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Work Swarms

By  Aug 24, 2010

Topics: SQL Server, Data

I’ve been reading some excerpts from Gartner, Inc. and information from others on the changes they are seeing in the workplace. It’s holding true where I work and in the workplaces of the other data professionals I work with. One of those new trends is called “Swarming” – where informal teams get together to work on a particular project, and in some cases a single task, as a group. They then move on to another task, and so on, like a swarm of bees. These are less formal than the “Tiger Teams” I used to be part of that were also temporary, but had a more formal banding and dis-banding. The Gartner article states that this is more often the norm in companies than not.

This is interesting to the data professional because there are usually so few of us in the organization. There are on average a single data professional for every five to ten developers, or in an operational sense, one DBA for every several hundred servers in my experience. So when a “swarm”, or “tiger team” or any other kind of tactical group is assembled, the data professional is usually required to be part of it. That’s fine, but it ends up with a few outcomes that you might not expect.


For one, the rate of burn-out or overwork can be higher, since not everyone else works on every project like you do. The data professional has to take part in all of them, so you move from high-stress project to project. The key here is that since not everyone is on every project (except you) they may not notice it happening. They only see you on "their" projects, so they assume you're working at the same level as they are.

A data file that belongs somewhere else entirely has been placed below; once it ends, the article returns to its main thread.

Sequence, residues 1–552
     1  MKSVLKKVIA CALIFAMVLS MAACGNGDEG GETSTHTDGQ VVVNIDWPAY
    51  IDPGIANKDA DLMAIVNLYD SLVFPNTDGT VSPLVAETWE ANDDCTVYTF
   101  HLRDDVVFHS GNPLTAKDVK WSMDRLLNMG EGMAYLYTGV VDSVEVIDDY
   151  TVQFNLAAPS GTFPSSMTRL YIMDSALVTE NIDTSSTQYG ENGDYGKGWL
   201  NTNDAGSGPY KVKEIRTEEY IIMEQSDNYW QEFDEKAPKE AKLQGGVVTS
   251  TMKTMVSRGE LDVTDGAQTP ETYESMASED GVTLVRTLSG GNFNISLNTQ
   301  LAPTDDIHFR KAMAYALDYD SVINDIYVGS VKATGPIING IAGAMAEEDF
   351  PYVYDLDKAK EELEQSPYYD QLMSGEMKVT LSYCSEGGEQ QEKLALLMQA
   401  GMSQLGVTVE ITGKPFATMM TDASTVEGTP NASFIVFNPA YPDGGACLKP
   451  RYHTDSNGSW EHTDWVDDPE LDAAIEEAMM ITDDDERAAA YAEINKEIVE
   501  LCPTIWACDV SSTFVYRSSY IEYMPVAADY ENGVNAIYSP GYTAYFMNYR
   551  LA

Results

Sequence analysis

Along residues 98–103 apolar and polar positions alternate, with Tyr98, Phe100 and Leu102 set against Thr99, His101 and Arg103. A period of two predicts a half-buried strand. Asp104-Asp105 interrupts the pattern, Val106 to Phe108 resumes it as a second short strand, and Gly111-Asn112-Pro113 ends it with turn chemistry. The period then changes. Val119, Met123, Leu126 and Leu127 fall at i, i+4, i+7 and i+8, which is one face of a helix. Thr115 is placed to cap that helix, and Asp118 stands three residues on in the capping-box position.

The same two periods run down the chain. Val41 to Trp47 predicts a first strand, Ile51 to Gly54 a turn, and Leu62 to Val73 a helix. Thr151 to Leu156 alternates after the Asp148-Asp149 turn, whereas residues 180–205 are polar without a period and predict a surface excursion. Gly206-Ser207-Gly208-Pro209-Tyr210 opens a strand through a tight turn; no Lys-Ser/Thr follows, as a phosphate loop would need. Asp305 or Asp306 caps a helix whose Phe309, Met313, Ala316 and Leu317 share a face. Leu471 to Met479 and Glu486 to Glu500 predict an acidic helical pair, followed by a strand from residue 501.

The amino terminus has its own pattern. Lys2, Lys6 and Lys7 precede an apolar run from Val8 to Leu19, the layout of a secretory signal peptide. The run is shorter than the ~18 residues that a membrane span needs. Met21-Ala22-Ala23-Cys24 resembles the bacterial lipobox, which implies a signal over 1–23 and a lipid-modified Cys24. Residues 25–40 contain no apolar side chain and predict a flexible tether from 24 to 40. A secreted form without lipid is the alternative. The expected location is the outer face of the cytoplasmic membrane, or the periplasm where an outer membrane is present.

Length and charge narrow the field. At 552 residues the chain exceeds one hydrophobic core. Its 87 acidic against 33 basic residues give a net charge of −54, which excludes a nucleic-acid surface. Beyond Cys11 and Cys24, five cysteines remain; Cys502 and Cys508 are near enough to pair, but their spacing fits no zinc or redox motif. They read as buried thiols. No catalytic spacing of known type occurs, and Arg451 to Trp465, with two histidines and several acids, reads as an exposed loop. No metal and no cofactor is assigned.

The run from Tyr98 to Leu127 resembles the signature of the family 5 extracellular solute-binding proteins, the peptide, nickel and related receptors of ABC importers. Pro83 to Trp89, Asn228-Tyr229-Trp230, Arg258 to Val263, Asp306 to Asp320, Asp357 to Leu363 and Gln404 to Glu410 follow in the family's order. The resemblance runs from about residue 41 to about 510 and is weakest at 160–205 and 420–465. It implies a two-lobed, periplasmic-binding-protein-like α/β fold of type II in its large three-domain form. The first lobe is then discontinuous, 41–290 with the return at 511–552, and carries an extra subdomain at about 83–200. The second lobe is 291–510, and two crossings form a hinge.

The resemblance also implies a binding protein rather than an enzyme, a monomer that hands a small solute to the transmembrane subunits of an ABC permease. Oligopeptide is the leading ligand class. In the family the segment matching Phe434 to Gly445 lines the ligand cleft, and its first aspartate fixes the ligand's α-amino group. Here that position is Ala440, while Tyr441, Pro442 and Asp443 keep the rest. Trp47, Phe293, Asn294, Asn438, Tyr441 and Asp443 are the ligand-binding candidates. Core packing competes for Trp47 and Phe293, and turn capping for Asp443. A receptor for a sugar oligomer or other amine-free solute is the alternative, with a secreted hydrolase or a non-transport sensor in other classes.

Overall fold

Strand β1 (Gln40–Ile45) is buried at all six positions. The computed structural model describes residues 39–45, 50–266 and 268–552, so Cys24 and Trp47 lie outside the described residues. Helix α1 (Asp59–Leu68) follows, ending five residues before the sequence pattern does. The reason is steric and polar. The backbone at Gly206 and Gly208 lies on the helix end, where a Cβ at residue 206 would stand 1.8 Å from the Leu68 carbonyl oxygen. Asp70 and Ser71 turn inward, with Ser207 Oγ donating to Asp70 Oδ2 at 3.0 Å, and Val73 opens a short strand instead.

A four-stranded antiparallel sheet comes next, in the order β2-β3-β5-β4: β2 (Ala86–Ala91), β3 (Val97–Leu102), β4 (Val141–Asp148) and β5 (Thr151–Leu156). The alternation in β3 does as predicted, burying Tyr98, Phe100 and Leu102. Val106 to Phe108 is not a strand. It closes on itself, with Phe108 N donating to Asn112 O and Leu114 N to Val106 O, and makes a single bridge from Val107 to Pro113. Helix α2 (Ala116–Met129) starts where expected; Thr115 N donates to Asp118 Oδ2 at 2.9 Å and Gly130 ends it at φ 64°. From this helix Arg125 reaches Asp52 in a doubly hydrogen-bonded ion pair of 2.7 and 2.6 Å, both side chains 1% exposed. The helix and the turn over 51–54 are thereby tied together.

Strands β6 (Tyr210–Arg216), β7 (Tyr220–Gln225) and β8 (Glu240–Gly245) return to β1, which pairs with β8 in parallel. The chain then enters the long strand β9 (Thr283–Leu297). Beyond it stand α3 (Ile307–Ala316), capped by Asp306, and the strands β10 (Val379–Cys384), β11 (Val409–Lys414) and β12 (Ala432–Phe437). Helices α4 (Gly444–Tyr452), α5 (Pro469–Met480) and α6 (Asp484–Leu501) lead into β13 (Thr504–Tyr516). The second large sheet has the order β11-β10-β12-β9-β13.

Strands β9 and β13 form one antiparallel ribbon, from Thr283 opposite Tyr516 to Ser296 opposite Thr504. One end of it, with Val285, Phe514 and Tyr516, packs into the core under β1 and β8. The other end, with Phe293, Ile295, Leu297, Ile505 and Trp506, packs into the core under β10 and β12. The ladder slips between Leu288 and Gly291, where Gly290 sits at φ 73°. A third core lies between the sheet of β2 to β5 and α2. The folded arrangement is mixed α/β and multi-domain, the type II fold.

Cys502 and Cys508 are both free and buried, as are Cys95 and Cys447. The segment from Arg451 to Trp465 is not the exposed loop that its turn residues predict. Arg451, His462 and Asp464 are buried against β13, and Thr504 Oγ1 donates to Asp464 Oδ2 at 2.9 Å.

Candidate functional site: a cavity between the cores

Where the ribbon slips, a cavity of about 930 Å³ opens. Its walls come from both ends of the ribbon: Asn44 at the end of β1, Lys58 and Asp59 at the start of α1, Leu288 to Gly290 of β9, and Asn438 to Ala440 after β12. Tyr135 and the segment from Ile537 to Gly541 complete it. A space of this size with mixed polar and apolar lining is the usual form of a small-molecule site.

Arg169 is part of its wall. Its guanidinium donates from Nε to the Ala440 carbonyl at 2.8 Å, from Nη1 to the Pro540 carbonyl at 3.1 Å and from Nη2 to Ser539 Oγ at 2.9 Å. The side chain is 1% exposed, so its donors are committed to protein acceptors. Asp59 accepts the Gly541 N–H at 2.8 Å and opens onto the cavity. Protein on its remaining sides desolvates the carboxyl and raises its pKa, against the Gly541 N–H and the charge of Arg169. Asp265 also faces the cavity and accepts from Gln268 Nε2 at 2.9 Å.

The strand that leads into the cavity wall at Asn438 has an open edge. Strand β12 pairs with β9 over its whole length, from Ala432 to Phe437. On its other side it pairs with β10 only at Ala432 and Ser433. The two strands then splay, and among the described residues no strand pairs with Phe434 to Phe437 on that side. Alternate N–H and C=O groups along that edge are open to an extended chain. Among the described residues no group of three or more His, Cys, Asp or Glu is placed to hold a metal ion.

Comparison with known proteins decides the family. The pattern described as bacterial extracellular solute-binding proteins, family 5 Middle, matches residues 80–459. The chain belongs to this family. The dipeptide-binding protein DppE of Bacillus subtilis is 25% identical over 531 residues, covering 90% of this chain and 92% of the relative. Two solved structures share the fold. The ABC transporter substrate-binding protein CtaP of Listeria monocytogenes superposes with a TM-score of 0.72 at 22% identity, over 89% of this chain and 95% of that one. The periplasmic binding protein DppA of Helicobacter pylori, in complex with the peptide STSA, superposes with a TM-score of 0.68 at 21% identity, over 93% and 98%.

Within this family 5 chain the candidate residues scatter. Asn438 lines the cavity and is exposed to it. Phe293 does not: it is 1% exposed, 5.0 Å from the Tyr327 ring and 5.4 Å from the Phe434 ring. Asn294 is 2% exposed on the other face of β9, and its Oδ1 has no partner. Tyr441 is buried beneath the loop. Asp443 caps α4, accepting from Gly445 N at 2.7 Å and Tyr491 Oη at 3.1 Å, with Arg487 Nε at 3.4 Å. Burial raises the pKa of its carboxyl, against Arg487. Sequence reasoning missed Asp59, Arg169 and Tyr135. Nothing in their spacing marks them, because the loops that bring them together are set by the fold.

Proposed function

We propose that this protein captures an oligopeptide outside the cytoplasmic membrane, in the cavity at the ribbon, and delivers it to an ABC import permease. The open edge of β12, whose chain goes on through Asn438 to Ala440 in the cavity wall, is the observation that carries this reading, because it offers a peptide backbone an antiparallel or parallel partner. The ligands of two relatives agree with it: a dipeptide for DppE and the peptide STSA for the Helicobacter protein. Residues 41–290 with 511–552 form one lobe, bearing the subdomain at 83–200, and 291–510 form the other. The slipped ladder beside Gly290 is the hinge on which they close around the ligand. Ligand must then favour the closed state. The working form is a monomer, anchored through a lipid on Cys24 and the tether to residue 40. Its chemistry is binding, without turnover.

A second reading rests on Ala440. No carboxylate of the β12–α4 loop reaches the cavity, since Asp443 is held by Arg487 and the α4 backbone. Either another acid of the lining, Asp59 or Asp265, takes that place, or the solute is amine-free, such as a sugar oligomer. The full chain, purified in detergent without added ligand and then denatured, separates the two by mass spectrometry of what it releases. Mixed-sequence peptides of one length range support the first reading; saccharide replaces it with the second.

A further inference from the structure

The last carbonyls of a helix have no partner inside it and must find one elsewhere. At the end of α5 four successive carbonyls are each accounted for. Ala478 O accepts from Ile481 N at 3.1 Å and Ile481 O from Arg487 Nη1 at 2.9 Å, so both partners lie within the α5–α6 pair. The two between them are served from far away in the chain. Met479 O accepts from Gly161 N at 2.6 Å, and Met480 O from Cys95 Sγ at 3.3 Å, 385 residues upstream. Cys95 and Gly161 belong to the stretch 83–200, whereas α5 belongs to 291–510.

Another impact of a swarm on a data professional is that over time you might become more tactical than you want, and you might also be perceived that way by others. After all, if they only see you responding to fires, perhaps they’ll think that’s what you like or what you are good at.


So how do you mitigate these problems associated with this new way of work? Communication. You need to let your boss know, in a non-complaining way, what your workload looks like. No, not how *much* work you have, but what *kind*. They need to understand that you would like the ability to have a good pace to allow for the best quality work, and most importantly that you would like to build some time into your schedule for strategic work along with the tactical requirements. Of course, you need to balance this with actually getting your work done, but I have a few ideas about that which I think might be able to help. I’ll blog about those another time.

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